Sand in the eye can be a painful experience that may lead to scratches on the eye (corneal abrasions) or an eye infection. A windy day or a sand-throwing incident at the beach can lead to sand in the eyes, and properly administering first aid is essential in order to lessen the chance of a serious eye injury or infection. When a foreign object enters the eye, profuse tearing results. Proper first aid for sand in the eye involves mimicking the natural tearing process by flushing the affected eye(s).
Things You'll Need
- Eye cup or drinking cup
- Water (bottled and tap)
- Antibacterial soap
Wash your hands using antibacterial soap. Clean the inside of an eye cup or a plain drinking cup using antibacterial soap. Rinse very thoroughly to remove all traces of the soap.
Fill the eye cup (or drinking cup) to the brim with room-temperature water. Bottled water is ideal, but if this is not available, allow the tap to run for a full minute before filling the cup (to avoid using water containing particles as a result of sitting in the pipes for an extended period of time).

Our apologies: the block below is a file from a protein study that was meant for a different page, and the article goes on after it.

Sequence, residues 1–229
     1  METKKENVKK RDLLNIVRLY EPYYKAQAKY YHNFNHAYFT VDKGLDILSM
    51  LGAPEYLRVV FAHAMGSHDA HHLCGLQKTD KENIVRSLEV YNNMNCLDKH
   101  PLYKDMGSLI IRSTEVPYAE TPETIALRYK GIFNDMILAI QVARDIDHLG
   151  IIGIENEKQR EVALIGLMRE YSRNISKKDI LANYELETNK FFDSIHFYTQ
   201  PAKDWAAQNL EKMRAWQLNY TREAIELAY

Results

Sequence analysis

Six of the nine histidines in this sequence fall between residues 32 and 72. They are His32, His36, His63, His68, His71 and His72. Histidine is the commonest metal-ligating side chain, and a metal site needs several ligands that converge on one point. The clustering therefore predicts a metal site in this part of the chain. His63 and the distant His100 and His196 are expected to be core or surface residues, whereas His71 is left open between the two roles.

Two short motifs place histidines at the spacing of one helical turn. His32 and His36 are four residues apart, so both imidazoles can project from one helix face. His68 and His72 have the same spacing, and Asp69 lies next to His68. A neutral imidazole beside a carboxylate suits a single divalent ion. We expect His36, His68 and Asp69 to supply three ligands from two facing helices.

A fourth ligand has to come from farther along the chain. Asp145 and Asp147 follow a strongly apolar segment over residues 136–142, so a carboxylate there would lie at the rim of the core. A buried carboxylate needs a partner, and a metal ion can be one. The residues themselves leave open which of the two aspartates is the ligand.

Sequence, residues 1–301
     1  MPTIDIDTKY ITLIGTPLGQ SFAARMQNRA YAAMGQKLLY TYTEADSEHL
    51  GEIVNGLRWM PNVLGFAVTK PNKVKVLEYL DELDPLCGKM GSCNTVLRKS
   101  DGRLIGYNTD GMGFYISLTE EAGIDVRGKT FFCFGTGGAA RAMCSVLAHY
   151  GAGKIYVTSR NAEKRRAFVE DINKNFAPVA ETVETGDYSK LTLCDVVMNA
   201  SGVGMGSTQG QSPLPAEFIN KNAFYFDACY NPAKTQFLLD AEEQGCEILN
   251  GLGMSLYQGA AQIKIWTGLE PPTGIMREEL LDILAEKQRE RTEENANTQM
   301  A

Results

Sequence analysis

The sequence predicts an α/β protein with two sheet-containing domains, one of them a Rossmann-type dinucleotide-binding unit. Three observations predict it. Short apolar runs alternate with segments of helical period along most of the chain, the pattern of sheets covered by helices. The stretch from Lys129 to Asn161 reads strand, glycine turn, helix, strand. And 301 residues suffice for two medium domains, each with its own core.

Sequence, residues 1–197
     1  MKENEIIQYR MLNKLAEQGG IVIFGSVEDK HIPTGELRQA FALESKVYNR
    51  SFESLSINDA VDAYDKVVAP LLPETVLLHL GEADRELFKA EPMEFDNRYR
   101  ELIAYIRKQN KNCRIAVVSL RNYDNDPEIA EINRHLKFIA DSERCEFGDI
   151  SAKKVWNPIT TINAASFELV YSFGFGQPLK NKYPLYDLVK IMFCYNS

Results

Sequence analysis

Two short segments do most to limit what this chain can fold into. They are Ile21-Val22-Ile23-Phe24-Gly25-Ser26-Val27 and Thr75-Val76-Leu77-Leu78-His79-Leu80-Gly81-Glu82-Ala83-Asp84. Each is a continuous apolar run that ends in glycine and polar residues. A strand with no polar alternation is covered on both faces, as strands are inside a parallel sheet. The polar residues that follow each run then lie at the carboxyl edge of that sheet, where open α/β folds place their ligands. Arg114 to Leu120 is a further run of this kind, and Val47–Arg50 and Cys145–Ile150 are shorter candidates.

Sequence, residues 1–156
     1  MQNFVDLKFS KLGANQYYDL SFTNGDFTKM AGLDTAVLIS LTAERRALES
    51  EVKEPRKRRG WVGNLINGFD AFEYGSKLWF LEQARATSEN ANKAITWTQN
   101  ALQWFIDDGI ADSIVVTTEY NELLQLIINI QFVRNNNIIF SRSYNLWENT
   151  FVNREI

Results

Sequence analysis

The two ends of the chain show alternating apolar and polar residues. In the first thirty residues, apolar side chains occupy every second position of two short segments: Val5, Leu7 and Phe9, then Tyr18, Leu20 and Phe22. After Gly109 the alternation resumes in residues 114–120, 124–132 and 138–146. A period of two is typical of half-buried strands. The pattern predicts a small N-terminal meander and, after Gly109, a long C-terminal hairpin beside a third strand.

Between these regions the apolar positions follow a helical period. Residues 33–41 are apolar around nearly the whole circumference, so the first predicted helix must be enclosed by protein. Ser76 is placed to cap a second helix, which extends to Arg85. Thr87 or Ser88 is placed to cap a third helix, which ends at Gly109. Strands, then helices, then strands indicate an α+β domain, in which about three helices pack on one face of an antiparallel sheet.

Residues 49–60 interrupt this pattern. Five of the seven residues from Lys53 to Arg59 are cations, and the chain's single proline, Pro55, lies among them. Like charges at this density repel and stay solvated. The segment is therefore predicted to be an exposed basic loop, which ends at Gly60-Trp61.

Place the water-filled cup on a flat surface. Lower your face over the cup, immersing your affected eye inside the water.
Blink your eye while it's immersed in the water to help flush away the sand particles. It usually takes 10 to 20 seconds of flushing to remove all sand particles, but you may flush the eyes for up to 15 minutes.
Monitor for signs of eye infection for 48 hours after the sand is removed from your eyes. Any time a foreign object comes in contact with the eyes, there is a chance that an infection will develop. Signs of an infection include redness, swelling, pain/discomfort and eye discharge.